Four debutants to the fore at SEA Games table-tennis competition
Goi, Xin Ru, Chua and Koen aim to help Singapore maintain dominance at SEA Games table-tennis competition
Four local-born teenage paddlers - Koen Pang, Josh Chua, Wong Xin Ru and Goi Rui Xuan - are aiming for a smashing debut at the SEA Games in the Philippines from Nov 30-Dec 11.
The quartet, who were promoted to the senior team earlier this year, make up half the squad heading to Subic, the others being seniors Feng Tianwei, Yu Mengyu, Ethan Poh and Clarence Chew.
Unlike the last edition in Kuala Lumpur, where Singapore's paddlers bagged five golds, six silvers and one bronze, there will be no team event this time around. Hence, they will be targeting a clean sweep of the singles and doubles events.
Koen, who is eyeing a gold in either the men's singles or doubles, is on a positive momentum following a breakthrough year.
In August, the 17-year-old became the first Singapore paddler to reach the junior world No. 1 ranking. He also caused an upset at the Commonwealth Table Tennis Championships four months ago, when he sent then-world No. 32 Sharath Kamal Achanta packing.
Trailing 3-1 and on the brink of elimination, Koen discovered Sharath's weakness and managed to win 4-3 and qualify for the semi-finals.
"That was an important win this year. (I learnt) to not stop believing in myself. There was a technique that the opponent couldn't answer to," he said during a media event at the Singapore Sports School yesterday.
"So, you can still come back from a deficit. Also, I focused on every ball instead of the result."
Koen acknowledged that his promotion to the senior national team has added pressure on him, but he has improved technically and mentally.
The full-time paddler has gained great exposure with numerous competitions and training stints all over the world. He recently returned from a six-week sojourn in Europe, training in Sweden, Germany, Belarus and Poland.
He said: "I learnt to change my game by knowing all the things that I can do with every ball, and then which kind of shot to play."
Men's coach Gao Ning, who won two golds and a silver at the last SEA Games before retiring last year, is confident that Koen will perform well despite lacking experience.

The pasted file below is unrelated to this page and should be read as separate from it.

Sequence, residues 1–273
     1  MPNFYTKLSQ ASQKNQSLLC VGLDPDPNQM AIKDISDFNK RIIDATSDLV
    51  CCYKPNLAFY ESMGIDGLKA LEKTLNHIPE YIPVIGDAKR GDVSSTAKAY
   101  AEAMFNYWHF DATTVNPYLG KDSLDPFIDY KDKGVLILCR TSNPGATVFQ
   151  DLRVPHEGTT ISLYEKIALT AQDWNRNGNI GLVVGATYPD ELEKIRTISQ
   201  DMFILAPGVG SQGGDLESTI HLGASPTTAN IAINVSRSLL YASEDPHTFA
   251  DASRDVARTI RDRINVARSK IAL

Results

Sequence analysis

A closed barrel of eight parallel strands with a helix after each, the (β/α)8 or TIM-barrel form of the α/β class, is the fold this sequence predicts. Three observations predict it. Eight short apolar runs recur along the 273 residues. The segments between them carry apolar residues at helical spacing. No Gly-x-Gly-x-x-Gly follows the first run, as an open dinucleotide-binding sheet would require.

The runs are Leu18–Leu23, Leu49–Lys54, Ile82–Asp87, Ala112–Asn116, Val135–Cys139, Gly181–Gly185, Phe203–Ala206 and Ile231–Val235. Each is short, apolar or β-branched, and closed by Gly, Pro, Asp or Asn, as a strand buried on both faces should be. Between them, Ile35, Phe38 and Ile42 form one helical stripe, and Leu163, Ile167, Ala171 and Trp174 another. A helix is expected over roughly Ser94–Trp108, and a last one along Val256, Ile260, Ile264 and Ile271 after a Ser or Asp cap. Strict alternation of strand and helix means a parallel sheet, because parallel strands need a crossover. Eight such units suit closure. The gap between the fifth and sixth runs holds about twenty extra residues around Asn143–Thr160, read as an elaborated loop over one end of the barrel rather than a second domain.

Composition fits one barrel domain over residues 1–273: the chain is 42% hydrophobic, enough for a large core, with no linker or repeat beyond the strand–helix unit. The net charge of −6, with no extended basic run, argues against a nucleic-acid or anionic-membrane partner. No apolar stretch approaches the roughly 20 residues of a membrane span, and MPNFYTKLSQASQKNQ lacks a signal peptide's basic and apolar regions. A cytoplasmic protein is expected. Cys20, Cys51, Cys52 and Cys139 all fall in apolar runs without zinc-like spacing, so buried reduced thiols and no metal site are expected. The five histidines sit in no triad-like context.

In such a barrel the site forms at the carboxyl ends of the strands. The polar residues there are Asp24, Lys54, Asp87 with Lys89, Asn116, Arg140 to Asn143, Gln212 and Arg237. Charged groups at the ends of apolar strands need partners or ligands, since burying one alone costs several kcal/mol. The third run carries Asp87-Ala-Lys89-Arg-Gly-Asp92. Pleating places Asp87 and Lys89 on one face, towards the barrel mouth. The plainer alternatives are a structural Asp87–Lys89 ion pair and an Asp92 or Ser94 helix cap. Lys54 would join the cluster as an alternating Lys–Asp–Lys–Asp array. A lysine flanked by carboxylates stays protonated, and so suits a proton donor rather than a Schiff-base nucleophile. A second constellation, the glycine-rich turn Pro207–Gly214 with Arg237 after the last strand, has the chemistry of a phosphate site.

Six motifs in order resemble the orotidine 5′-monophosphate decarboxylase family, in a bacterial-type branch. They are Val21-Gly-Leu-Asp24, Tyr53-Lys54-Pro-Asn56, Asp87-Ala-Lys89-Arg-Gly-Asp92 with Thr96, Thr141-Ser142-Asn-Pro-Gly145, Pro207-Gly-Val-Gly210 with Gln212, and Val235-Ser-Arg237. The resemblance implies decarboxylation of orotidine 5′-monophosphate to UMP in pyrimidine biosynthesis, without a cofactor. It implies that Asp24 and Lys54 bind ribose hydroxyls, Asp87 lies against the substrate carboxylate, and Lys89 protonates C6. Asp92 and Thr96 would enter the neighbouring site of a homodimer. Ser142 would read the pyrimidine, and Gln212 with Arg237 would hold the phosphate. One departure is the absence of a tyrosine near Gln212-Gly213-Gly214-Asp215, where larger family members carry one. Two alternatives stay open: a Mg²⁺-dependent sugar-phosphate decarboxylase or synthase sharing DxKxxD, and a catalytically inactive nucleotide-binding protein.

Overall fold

"For Koen, speed is his advantage. He is also a left-hander with a strong forehand," said Gao through a translator.
Gao added that Koen's doubles partner, Chua, complements him well with his "control and fast movement".
The 18-year-old Raffles Institution student has also had a successful year.
Since January, Chua jumped over 650 spots in the world rankings and now sits at world No. 395. He attributed it to the multiple training and competitions he gets now.
"We train about 12 sessions a week and we have back-to-back overseas competitions and training camps. That allows us to play against more experienced players... and learn more skills," he said.
Chua is in school by sunrise and heads straight for training at 4.30pm. Then he practises till 10pm, with an hour's dinner break in between.
His steep improvement also came from sacrifices like deferring his A-level exams.
"I discussed with my parents for a long time and we talked to the school too. We found that this is the best choice for me, so that I can focus on SEA Games this year and then A levels next year."
Goi, 18, also put her sports and leisure management diploma studies at Republic Polytechnic on hold, after deciding to train full-time last year.
"I feel that I have a heavier responsibility as I'm a full-time athlete, so I have to set higher targets for myself," she said.
"There are big expectations from the people around me. But I've received a lot of support from friends and coaches and that helps me to improve at a faster pace."
Having been able to focus on training has helped Goi hone her craft. This year alone, she has participated in 10 competitions in countries such as Qatar, Czech Republic and Bulgaria.
Goi, Chua and Koen will also compete at the World Junior Championships from Nov 24-Dec 1 in Korat, Thailand, before the SEA Games competition five days later.
Goi's Games target is at least a bronze in the women's doubles, in which she will be pairing up with Xin Ru, 17.
Women's coach Hao Anlin believes this partnership shows promise, saying: "Goi is diligent and consistent. Xin Ru is smart, tall with a wide reach and plays with a backhand-pimple style, which is an advantage for us."
Xin Ru, a second-year business student at Ngee Ann Polytechnic, had a baptism of fire at April's World Championships in Hungary, where she met China's world No. 1 Chen Meng.
Although Xin Ru lost 4-0, she impressed in the first two sets by stretching Chen to 11-9, 11- 9.
"Since transiting to the senior team, there are more expectations in terms of skill, performance and even mental strength, (so) I learnt how to deal with the different kinds of pressure internally and externally," she said.
"(Goi and I) don't want to pressure ourselves by being too result-focused. We aim for the gold medal but will be happy with a podium finish."